Rendering and viewport performance with n-gons?

Given the fact that I want to render a still, no physics, simulations or exporting, and everything looks the way I want it to: are there any benefits or tradeoffs if I were to convert all subdivided planar faces on my models to n-gons?

I know that it’s generally a bad idea to interrupt edgeloops and using n-gons with subsurf or other modifiers. And of course exporting wouldn’t be too nice. But what if everything works in this example and it’s only about making the render quicker or the viewport faster? Does it work that way?

In my example I could cut down the number of faces from 40000 to 1600 on several objects, when using some n-gons on planar surfaces. Would that speed up my rendering?

On rendering your model gets converted to triangles anyway so the actual number of rendered faces will not benefit by using ngons. It may slow it down having to convert the ngons to triangles


I actually love N-Gons and subdiv in Blender with the new BMesh because it can offer now a design approach previously impossible in Blender and that not only for planar surfaces.

If you use Blender and NGONs with subdivs the main issue will be that the OBJ exporter currently does not support NGONs. So in this case you can bake a level one subdiv and the NGON face layout will be perfect quads.

For rendering, the less mesh you have, the faster the 3D viewport will refresh or Cycles start rendering. But if you only save few faces I think the workload does not justify it. If you scene is very large it then might. In addition kicking out extra geometry on a large scale will also shrink your file size.

Plus less faces can make UV texturing faster.

I am a product designer so I have the luxury of not needing to care about NGONs and mesh deformations for character animation.

Thank you. I see the benefits when working with BMesh. But I now after thinking some more about it, I doubt that ngons speed up rendering, since, like Richard said, they have to be converted to triangles anyway. Maybe I can test the behaviour with a large scene.

I dont think rendering speed will increase a lot but file size and 3D viewport speed will be impacted.
That I think already is enough to consider it.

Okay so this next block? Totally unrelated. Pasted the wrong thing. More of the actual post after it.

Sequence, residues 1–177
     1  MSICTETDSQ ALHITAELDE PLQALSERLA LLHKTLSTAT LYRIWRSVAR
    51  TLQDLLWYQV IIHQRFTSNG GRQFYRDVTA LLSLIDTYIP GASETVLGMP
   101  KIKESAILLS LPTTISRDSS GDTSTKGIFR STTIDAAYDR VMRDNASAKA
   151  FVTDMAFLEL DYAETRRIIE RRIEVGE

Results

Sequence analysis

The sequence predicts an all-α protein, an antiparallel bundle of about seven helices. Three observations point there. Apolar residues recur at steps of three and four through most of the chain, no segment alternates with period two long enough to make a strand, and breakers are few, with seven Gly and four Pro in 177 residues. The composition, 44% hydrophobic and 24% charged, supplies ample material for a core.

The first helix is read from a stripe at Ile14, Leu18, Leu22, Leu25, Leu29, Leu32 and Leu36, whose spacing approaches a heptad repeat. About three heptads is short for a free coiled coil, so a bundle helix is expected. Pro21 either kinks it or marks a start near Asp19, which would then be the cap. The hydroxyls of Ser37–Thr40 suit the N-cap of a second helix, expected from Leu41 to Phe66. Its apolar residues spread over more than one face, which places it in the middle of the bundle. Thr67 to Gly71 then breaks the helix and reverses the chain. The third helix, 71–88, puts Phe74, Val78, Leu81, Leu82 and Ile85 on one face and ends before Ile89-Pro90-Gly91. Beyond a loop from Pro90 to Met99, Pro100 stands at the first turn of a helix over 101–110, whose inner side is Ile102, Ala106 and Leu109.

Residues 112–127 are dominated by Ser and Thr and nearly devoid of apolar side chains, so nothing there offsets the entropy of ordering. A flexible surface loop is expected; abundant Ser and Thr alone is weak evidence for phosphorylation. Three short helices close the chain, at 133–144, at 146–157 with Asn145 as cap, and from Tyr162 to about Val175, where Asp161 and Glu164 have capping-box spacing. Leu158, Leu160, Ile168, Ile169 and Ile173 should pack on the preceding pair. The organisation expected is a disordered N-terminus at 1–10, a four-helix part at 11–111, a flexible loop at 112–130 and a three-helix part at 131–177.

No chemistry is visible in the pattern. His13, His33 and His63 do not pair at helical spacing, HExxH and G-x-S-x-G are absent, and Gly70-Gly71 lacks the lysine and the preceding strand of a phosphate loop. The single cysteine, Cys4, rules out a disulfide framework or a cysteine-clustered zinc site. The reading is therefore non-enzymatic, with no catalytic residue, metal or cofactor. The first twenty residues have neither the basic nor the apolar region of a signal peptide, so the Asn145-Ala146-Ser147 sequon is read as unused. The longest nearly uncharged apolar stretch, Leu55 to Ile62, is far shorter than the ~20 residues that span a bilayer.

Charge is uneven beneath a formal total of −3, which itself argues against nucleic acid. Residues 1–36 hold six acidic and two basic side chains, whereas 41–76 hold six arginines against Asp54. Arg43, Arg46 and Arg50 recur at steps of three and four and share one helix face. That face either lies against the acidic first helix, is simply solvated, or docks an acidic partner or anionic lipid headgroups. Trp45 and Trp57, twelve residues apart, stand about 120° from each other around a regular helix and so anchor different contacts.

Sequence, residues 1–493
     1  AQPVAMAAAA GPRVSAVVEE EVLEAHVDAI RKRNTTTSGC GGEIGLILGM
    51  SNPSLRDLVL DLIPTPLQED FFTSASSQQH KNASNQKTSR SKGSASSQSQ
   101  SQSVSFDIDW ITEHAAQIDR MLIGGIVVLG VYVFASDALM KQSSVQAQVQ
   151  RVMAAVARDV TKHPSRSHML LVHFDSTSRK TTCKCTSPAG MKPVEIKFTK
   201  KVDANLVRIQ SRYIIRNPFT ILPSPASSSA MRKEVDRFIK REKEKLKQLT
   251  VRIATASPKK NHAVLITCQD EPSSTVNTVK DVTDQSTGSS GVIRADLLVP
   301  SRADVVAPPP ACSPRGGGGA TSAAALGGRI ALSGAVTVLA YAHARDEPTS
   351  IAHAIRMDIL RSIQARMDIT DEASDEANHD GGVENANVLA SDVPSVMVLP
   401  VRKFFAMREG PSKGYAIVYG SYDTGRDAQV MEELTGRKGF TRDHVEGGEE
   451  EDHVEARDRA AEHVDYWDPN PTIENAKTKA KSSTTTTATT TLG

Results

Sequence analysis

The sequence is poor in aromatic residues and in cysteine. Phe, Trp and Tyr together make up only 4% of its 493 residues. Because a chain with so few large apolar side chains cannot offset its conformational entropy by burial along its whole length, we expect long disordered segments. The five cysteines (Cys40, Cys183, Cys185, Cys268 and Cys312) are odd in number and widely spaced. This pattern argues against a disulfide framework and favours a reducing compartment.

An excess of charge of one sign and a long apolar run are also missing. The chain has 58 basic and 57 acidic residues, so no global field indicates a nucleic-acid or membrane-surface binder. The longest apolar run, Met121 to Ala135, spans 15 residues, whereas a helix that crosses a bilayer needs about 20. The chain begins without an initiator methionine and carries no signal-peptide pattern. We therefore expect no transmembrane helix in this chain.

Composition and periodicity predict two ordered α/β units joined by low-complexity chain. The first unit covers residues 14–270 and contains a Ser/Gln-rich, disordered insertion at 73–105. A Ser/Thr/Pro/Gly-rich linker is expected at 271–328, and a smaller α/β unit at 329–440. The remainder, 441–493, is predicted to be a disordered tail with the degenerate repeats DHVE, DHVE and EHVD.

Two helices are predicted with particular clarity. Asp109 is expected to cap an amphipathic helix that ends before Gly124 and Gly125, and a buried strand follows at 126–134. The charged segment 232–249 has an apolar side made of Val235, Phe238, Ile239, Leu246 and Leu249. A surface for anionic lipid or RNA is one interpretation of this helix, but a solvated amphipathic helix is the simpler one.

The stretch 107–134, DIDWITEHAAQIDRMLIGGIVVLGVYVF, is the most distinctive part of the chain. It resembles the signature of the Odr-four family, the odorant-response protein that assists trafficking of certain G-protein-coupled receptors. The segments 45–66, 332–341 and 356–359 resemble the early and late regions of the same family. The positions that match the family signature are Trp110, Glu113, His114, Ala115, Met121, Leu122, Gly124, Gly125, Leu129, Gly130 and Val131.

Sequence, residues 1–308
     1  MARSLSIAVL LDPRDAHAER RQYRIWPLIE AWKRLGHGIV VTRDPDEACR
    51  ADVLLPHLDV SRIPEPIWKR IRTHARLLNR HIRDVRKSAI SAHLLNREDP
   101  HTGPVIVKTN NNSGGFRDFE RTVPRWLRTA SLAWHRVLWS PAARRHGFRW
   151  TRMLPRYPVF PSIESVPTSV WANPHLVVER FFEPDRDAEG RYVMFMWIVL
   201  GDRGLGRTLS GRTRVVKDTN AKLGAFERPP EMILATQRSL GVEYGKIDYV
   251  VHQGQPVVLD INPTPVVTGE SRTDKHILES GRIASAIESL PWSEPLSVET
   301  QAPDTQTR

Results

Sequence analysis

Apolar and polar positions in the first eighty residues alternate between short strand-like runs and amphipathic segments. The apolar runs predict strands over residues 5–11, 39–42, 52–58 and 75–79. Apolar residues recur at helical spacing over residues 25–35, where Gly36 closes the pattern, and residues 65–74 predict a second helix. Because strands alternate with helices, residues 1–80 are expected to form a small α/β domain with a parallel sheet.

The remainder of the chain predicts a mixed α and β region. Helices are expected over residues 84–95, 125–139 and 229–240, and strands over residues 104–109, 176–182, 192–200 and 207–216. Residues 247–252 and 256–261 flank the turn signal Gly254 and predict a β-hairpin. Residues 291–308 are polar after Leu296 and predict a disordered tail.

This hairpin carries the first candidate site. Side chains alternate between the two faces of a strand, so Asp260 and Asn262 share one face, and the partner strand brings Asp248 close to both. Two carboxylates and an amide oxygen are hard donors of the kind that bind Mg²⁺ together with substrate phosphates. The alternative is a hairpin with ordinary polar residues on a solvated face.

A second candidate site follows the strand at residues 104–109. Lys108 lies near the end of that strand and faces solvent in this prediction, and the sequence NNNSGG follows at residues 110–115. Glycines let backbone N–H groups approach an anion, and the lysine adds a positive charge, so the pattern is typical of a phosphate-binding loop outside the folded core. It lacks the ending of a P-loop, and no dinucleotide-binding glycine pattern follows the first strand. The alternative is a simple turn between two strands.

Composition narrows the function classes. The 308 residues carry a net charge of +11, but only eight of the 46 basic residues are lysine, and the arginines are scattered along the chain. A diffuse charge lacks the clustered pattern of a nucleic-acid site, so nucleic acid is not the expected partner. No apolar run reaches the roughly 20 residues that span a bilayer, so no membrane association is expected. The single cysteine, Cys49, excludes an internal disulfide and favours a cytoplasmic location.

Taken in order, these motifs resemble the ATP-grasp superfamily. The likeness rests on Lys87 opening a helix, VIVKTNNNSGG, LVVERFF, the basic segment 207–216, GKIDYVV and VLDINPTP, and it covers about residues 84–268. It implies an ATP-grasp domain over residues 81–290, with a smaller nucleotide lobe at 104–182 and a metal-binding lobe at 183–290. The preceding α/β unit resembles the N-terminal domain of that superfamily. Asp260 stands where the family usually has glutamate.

NGons before BMesh was not really a good option in Blender but now with BMesh NGons are a great modeling tool to simplify mesh density and also actually create shapes on curved surfaces.

Here are two example where in the past we would have been forced to add extra mesh density and geometry to create the same smooth surface flow. Today you just make it an NGON and internally the subdiv modifier creates a perfect quad layout.

I totally agree about the usability of BMesh.

However, I did a small test on n-gons vs. tris and quads when rendering and the result is interesting.

I created a cube with bevelled edges and two faces of n-gons. This array setup produced 56.000 faces and took around 9.9 seconds in average of 4 repeated renders.

Then I converted the n-gons to automatically created tris. The same setup produced 322000 faces and took 13.30 seconds in average of 4 renders.

I conclude, that in a very extrem setup, where n-gons cut down the face count dramatically, they render faster although they have to be converted to tris. I can only guess that calculations before starting to render will take longer when using n-gons, but the effect seems to be much smaller than the actual render time improvement.

What do you think about that? I’d still be interested in an explanation from somebody who knows about the technical side.

Edit: Is there a limit for uploading attachments in total? It won’t let me attach any more images.

I also have found that creating Ngons in a smart way (which is focusing on geometry flow and simple shapes), can indeed reduce rendering times. However, you can erase some of those gains if you create them with the goal of dissolving as many faces as possible.

It’s possible that the scene ends of generating a faster BVH tree when it’s processing the absolute minimum number of triangles needed to define a given region due to the creation of Ngons, but this is clearly unconfirmed and I can’t tell you exactly how different triangle patterns affect BVH behavior.